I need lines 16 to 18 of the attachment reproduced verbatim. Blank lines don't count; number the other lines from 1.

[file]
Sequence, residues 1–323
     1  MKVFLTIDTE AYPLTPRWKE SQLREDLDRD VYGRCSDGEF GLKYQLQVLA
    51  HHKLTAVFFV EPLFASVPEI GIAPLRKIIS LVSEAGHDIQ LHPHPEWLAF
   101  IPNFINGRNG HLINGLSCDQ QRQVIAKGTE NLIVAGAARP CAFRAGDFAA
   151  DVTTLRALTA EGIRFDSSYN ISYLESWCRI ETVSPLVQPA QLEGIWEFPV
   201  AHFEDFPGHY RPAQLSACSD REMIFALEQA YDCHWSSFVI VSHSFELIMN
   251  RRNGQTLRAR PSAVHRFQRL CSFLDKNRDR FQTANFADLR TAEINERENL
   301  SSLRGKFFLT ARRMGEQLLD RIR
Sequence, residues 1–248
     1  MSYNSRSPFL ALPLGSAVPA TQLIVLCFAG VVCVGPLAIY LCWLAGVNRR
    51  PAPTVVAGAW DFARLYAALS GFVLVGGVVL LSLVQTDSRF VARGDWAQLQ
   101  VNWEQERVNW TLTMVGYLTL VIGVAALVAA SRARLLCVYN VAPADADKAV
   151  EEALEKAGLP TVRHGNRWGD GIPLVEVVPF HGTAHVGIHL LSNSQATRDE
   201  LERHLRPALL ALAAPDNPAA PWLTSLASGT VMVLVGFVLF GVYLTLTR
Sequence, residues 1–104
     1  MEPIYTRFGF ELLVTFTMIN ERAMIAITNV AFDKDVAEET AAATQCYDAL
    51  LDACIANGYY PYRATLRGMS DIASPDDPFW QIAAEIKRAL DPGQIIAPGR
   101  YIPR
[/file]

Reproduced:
     1  MEPIYTRFGF ELLVTFTMIN ERAMIAITNV AFDKDVAEET AAATQCYDAL
    51  LDACIANGYY PYRATLRGMS DIASPDDPFW QIAAEIKRAL DPGQIIAPGR
   101  YIPR